New Egg Delights (and New Eggs Delight)

Hens salute the return of springtime light by laying more eggs. I join their salute by eating eggs more often, in more variations.

Eggs from neighboring Fourth Street Farm

Eggs from neighboring Fourth Street Farm

Particularly exciting: recipes that use my usual stock of ready ingredients in new ways, and techniques that treat those ingredients in unfussy ways to make new forms of deliciousness. Here are two:

Scrambled eggs, not exactly scrambled. This technique changed my dislike of scrambled eggs (even the 30-minute French type) into “Yes, please” by coaxing whites and yolks separately toward their best selves, all within the same skillet. How?

  • Break eggs directly into a buttered saucepan over medium-low heat and stir around only the whites until they cook through. I use a small silicone spatula and stir just enough to get silky white chunks.

  • Then and only then gently break the egg yolks and fold them into the cooked whites, stopping at your preferred doneness.

A digression: I like knowing the provenance of ingredients, recipes, and cuisine. In this case:

Emily Johnson at Epicurious traces the technique through. . .

—>Rachel Khong, an editor at the late, lamented Lucky Peach magazine who produced a 2017 book, All About Eggs. . .

—>that includes a recipe from Caroline Fidanza, owner and chef at Brooklyn restaurant Saltie*, also now sadly shuttered. . .

—>who credits one of the restaurant’s co-owners, Rebecca Collerton, for the technique.

—>Even more sadly, we cannot ask Rebecca. If we could, I’d bet a dozen perfect, pastured Kentucky eggs she would credit someone else.

So it goes with provenance, the only kind of genealogy that matters to me. With both food and family we can trace origins back a few steps and enjoy the stories we discover, but then the search diffuses into mystery.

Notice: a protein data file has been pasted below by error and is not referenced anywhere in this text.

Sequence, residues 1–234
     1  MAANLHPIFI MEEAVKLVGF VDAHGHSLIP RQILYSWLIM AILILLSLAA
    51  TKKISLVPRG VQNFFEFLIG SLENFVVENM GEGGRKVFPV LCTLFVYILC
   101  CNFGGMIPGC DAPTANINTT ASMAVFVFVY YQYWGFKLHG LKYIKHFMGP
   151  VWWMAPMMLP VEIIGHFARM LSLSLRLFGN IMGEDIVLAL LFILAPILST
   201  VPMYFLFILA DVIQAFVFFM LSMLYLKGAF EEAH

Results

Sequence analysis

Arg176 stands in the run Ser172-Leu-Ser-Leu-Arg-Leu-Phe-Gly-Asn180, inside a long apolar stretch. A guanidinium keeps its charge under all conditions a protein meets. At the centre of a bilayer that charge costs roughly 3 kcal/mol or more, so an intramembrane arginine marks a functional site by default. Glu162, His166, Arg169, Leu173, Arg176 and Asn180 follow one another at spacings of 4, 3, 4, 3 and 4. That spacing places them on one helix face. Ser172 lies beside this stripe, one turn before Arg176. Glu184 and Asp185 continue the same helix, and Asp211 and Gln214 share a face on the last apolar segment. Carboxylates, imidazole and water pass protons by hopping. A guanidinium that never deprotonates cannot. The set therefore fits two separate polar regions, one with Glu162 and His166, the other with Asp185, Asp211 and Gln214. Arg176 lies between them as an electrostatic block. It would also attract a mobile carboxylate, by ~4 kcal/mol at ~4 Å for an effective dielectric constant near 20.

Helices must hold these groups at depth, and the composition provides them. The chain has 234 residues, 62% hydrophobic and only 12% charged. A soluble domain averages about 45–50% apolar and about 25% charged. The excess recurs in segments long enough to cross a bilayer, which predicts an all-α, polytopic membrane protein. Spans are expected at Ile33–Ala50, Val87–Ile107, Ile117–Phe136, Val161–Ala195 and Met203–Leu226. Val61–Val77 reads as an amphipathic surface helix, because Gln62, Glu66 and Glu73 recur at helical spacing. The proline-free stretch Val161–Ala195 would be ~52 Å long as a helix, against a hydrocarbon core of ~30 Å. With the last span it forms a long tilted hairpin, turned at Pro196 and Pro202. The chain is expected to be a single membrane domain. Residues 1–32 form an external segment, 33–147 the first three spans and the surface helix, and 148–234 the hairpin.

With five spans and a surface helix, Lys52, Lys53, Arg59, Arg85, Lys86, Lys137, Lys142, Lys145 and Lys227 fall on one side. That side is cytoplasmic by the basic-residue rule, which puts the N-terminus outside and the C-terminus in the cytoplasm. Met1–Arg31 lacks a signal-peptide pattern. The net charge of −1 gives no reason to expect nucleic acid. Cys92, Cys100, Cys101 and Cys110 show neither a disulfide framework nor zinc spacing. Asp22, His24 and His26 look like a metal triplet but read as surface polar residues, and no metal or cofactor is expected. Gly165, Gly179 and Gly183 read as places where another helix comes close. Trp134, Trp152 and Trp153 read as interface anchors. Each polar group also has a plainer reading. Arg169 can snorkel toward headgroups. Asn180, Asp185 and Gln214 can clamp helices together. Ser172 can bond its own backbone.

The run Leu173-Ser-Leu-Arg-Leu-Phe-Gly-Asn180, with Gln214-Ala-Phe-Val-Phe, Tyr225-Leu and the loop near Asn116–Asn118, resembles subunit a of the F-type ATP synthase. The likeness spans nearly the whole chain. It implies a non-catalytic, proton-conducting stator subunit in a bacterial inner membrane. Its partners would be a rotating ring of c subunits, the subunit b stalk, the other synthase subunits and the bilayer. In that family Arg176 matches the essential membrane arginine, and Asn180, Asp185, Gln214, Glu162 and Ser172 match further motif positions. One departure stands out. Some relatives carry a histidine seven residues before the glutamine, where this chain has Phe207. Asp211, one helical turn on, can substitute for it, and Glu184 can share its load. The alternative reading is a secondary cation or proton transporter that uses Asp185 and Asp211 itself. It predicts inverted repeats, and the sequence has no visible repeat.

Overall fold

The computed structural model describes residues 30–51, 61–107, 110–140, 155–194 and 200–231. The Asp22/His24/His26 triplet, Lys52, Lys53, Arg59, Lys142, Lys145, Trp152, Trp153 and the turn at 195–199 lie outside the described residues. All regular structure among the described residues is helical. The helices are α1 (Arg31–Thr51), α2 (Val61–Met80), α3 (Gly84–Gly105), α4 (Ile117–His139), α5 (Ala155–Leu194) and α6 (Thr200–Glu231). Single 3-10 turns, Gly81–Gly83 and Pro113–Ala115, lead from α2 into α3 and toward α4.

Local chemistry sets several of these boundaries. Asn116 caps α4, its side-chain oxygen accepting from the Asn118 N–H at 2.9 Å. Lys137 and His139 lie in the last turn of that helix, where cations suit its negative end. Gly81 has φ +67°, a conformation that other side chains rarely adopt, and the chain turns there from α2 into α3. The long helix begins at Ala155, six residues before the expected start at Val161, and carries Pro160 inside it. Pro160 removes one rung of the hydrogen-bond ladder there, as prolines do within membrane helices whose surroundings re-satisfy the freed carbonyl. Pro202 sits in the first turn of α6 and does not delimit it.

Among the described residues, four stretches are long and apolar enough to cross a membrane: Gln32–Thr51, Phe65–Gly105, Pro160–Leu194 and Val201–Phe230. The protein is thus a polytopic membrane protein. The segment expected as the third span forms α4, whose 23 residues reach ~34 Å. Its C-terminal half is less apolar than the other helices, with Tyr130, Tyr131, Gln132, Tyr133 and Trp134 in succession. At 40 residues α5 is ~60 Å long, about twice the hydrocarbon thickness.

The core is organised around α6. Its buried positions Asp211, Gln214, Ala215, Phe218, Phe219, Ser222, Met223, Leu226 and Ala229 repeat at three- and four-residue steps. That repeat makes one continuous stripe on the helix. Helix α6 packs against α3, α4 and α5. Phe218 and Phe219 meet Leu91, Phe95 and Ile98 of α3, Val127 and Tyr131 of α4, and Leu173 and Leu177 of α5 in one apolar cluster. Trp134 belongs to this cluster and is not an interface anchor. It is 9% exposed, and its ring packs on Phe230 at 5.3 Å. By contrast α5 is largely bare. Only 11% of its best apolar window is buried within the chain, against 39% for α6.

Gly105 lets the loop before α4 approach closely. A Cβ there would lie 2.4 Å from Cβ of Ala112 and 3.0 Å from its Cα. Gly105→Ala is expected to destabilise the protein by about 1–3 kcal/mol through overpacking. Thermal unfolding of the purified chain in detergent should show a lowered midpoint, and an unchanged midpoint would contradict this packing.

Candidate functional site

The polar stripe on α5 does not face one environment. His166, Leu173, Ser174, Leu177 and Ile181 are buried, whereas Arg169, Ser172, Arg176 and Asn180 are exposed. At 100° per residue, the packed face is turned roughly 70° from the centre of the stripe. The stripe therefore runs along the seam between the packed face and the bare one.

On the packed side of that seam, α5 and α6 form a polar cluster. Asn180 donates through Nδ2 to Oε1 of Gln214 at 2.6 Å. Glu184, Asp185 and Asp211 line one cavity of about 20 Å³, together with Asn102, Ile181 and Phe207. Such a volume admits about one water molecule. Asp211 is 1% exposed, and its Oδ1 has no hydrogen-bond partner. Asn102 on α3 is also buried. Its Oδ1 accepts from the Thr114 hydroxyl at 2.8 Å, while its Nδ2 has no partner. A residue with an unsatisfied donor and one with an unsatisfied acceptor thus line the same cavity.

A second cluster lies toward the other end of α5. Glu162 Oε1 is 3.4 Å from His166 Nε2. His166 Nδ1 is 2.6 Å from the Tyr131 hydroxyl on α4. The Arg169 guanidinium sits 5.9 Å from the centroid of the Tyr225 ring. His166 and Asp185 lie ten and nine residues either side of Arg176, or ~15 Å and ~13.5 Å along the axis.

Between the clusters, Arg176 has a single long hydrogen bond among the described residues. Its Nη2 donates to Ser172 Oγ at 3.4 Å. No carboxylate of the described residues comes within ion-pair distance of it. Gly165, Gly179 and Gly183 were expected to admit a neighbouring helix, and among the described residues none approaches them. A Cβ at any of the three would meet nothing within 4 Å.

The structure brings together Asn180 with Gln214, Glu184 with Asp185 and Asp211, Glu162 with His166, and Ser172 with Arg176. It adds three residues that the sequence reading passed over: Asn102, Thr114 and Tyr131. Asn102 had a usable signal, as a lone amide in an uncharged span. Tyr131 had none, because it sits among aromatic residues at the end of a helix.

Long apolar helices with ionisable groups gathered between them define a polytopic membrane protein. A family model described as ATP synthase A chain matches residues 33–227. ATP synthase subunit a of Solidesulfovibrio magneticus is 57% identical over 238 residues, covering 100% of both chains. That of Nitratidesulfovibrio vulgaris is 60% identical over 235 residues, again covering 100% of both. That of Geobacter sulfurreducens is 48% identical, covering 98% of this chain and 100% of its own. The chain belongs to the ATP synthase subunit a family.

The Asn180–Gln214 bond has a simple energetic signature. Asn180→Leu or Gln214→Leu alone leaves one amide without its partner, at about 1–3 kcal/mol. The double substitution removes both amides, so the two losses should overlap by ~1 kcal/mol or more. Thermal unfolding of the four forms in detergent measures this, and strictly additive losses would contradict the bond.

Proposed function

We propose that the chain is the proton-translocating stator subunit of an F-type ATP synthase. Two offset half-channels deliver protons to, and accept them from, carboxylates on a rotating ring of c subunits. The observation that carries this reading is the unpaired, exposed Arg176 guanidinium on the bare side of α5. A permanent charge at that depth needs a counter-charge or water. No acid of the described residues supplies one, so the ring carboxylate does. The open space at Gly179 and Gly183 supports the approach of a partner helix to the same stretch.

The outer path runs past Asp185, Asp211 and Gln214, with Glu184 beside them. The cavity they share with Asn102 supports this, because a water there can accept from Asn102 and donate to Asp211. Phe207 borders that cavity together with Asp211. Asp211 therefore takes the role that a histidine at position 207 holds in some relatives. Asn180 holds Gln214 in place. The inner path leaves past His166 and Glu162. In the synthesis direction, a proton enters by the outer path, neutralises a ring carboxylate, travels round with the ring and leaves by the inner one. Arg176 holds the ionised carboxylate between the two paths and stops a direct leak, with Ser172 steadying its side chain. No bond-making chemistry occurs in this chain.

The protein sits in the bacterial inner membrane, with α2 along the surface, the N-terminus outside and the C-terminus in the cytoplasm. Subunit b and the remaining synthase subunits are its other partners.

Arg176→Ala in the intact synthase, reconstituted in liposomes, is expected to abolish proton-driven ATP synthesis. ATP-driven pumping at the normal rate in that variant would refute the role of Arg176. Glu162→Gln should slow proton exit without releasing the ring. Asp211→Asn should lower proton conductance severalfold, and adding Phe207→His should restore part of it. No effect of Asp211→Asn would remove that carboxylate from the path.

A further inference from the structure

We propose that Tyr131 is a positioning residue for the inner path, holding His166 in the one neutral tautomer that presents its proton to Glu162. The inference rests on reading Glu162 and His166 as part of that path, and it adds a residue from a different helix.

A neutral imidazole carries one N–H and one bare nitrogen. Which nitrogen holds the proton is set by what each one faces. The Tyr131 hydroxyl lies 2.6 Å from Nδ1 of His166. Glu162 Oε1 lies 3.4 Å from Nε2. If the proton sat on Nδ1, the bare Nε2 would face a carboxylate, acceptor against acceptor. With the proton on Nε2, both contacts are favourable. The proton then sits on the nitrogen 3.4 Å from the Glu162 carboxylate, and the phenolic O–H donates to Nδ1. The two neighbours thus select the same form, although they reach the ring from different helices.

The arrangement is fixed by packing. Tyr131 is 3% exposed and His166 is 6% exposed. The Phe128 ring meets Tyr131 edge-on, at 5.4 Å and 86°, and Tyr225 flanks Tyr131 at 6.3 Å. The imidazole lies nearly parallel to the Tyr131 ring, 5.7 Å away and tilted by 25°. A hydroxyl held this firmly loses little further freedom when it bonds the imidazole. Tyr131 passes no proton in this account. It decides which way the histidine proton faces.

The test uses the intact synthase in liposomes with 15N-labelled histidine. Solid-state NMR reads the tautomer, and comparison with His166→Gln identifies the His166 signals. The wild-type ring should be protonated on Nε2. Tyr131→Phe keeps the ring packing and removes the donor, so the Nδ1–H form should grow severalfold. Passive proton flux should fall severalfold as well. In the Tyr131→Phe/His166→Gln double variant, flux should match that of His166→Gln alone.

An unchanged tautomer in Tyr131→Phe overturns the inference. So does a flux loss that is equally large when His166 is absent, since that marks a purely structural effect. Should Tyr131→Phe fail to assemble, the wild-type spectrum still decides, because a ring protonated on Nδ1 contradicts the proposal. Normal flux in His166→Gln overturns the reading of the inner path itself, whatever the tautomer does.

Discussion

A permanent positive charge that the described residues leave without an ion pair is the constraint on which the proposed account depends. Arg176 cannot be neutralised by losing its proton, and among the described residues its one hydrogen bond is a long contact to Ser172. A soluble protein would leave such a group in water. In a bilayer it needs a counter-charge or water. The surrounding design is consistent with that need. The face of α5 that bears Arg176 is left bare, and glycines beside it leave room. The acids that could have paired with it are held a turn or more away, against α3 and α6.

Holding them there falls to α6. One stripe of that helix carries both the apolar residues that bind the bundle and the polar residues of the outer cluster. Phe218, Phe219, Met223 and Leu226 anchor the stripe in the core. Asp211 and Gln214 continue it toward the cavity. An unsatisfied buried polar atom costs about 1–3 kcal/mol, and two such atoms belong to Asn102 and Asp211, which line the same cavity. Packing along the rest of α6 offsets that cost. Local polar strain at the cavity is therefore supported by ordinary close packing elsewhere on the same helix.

If you like egg flavor but dislike any of the usual textures of scrambled eggs (especially those with little hard pellets of overcooked whites strewn through gluey yolks) try Rebecca Collerton’s method.

Most likely, these eggs deserve a new name that does not remind us of all those scrambled failures. Tender Pan-cooked Butter Eggs? Maybe, but replacing the butter with olive oil or bacon fat would also work wonders while defying the name.

Julia Turshen’s Olive Oil-Fried Eggs with Yogurt & Lemon. See? I wouldn’t be surprised if you usually have eggs, olive oil, unsweetened yogurt and a lemon in the house. Food52 selected this recipe from activist recipe developer Julia Turshen’s 2016 cookbook, Small Victories, designating it a Genius Recipe: “. . . it will reshape your morning, or night, or right now.” I look forward to the boost my tender fresh herbs will give this dish once the green things catch up to the spring eggs. Yes, I didn’t mention the herbs that appear in the recipe. You could do without them, but you may not need to. I’ve been using arugula instead, fresh from Elmwood Stock Farm in February, people! Delicious.

Later, I’d like to write more about eggs and their delights. Even basic boiled eggs work differently in my kitchen than they used to. I’ll tell all.

*Bonus: The chefs at Saltie made this cookbook.

Sponsors included in this post: Elmwood Stock Farm. Thank you!

Rona RobertsComment